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Neal Gabler

The ‘sportification’ of America

Our pitched battles on the playing field have seeped into everything, from politics to finance to gossip

By Neal Gabler
September 12, 2010

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EVERY DIEHARD sports fan knows that he can alight in any city in America, spin the radio dial, and find the familiar tones of other sports fans sounding off on LeBron James, Tom Brady, or Alex Rodriguez or the deficiencies of their own local teams. And every political junkie knows that he can land in the same city, spin the radio dial, and find fellow politicos sounding off in much the same way on President Obama or Afghanistan or the Tea Party movement.

That is not a coincidence. Sports is a central component of America life — the glue that holds men together, and some women, too. But it has also become the template for how we shape and process things that have nothing to do with athletics. Essentially, we have learned to “sportify’’ nearly everything — politics, finance, gossip, movie criticism, even theological controversy — into a kind of sporting event with all its media accoutrements. We get the “color’’ man explaining what we’re seeing; the endless postgame analysis; the ping pong debate by experts over what should or should not have been done; and, finally, the public weighing in hour after hour after hour.

Take politics. It is not enough for television to broadcast a debate or a presidential speech or a policy announcement unadorned. These are invariably followed by an immediate post-mortem, then a much lengthier — and typically noisier — discussion among the talking heads on cable news networks and talk radio, and then the viewers or listeners offering their opinions. And no debate is complete without a final verdict as to who won, and every presidential address and policy announcement is judged on whether the president succeeded or failed. It is all framed exactly like a sporting event, with the same overheated rhetoric.

Or take finance. Tune in CNBC, for example, and you are likely to find an expert in front of a colorful graphic that looks like something out of ESPN’s SportsCenter, and he or she will be explaining why a particular stock is rising or falling. That is followed, as the night the day, by other experts discussing — or arguing about — the issue. The words may be financial, but the situation is pure sports: again, “color’’ men, arguments, pedantic analysis, winners and losers.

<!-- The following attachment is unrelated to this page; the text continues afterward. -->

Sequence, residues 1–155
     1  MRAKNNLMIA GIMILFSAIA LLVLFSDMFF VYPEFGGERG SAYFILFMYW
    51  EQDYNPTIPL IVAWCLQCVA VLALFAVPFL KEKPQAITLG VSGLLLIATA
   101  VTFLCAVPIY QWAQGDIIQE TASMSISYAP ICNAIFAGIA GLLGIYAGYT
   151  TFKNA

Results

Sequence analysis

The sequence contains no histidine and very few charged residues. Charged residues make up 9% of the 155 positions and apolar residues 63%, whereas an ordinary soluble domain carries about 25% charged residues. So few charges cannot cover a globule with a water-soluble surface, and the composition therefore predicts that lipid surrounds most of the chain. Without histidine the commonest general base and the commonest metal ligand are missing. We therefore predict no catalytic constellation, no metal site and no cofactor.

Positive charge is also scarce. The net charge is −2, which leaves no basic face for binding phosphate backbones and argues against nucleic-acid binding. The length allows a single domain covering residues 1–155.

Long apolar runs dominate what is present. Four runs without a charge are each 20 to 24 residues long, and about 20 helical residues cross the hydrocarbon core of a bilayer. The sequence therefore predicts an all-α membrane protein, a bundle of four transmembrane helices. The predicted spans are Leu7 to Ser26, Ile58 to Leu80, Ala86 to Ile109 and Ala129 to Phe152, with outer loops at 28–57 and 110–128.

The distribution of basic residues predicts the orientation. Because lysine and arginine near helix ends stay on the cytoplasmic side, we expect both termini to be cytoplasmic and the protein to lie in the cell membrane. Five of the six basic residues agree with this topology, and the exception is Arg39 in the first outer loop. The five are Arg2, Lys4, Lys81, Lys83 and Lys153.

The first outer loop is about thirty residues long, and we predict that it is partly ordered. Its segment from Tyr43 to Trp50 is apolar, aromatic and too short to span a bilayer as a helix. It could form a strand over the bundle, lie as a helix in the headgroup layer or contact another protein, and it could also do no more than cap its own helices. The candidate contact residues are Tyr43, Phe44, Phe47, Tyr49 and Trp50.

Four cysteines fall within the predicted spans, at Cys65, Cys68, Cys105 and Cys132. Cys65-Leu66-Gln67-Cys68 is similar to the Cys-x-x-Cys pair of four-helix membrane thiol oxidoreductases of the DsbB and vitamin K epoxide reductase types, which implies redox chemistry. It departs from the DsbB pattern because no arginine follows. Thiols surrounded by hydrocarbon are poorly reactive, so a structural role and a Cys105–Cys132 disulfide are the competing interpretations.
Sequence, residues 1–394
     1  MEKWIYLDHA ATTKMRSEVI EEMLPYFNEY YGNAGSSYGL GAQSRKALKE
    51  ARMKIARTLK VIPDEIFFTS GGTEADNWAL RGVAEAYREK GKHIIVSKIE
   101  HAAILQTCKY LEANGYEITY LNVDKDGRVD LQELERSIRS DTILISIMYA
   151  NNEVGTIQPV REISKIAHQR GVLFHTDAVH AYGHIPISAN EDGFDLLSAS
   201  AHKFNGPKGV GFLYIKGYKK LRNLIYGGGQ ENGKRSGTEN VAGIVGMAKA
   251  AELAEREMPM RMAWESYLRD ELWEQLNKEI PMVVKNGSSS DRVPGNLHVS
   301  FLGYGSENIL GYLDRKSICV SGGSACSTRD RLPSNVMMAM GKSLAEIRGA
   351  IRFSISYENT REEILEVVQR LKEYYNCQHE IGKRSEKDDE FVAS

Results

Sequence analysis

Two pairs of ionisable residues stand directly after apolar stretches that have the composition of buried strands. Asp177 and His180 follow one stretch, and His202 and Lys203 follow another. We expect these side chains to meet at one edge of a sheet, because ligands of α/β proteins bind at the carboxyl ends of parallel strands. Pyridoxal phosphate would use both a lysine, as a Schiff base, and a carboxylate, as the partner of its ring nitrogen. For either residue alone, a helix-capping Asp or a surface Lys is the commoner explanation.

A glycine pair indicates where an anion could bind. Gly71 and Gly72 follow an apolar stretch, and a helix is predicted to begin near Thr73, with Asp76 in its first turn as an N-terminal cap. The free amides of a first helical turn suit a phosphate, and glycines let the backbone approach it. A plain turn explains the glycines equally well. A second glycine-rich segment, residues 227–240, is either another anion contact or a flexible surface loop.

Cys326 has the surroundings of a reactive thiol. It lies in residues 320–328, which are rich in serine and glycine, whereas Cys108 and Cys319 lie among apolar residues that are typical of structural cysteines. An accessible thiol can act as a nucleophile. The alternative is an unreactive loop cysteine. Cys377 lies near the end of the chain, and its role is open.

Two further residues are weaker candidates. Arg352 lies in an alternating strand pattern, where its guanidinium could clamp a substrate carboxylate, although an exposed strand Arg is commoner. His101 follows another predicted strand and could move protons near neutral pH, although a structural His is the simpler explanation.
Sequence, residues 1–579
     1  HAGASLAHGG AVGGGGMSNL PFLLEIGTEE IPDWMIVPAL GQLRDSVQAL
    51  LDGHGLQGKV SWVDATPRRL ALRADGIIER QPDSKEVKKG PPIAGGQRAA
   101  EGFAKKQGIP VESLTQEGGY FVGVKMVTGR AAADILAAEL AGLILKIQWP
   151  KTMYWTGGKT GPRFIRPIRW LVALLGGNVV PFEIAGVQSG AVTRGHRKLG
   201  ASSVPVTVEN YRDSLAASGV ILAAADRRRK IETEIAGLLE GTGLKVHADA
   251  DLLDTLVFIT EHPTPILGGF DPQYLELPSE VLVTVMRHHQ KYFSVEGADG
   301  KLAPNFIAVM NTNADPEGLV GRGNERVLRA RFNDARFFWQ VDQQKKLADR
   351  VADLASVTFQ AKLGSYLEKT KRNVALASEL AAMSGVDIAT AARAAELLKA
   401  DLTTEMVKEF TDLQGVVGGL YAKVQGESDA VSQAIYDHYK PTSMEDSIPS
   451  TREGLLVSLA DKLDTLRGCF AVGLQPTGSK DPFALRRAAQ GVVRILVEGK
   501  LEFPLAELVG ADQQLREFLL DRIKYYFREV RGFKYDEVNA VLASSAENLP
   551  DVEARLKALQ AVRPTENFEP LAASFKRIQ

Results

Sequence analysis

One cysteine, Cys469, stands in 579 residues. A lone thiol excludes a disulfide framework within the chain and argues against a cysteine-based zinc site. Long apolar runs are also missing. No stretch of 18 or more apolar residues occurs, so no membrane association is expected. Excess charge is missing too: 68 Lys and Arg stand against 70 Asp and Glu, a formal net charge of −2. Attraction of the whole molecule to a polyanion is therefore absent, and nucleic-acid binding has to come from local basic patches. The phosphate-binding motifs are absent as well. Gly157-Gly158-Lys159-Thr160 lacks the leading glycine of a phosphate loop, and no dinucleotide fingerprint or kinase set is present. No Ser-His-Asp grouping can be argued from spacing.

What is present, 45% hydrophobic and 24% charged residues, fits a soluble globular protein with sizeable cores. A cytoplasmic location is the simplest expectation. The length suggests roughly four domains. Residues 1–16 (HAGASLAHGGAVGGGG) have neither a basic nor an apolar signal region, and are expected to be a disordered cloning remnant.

One doesn’t have to look very far to find a reason why the media, especially cable television, have done this. It heightens drama. Sports is addictive precisely because it is a contest with suspense, rooting interest, and excitement, and the evidence of the appeal is ESPN and Fox Sports Network, as well as hundreds of local television and radio programs. Fans love not only to watch the games but to hear a dissection of what they’ve seen and to put in their own two cents. It is a powerful form of engagement.

But if we have become accustomed through decades now of sports programming to view other segments of the culture through the same sort of prism, it is not just a matter of networks slapping sports formats on them. These formats work because American culture generally has become more contentious, more like a sporting contest.

Indeed, something has happened to America that has made sports into a metaphor for the entire society. We are more polarized now than we have been in a long time, and the kind of irreconcilable divisions between Red Sox and Yankees fans or Celtics and Lakers fans are not all that different from the equally irreconcilable divisions between Democrats and Republicans.

We also seem to be more apt to argue about anything than at previous times in our history. This is certainly true of the media. We are more opinionated, thanks in part to the Internet, which privileges any and all opinions as if they are of equal weight. We seem to be more conscious of winners and losers than ever before, and we seem to be less forgiving of those on the other side. Taken together, then, all the elements that we associate with sports fandom have gradually leached into those other domains until we have come to see huge chunks of our culture in the same divisive terms as we have always seen in sports. In short, we have a sports mind-set, and though media sportification didn’t cause it, it certainly helps intensify it.

In the final analysis, it just may be that in a complex world it is both simpler to see things this way, as a two-sided contest, and also much more satisfying because the microscopic analysis — it is even called “inside baseball’’ — makes us feel as if we have cracked the code and gotten inside. We love our sports because we love the drama they purvey, the clear demarcations they provide, the emotions they elicit, the energy they demand, and the engagement they reward. We love sports coverage because it extends these long past the end of the game. What was once true only of sports is now true of nearly everything else. It’s ESPN’s world, and we’re just living in it.

Neal Gabler is the author, most recently, of “Walt Disney: The Triumph of the American Imagination.’’

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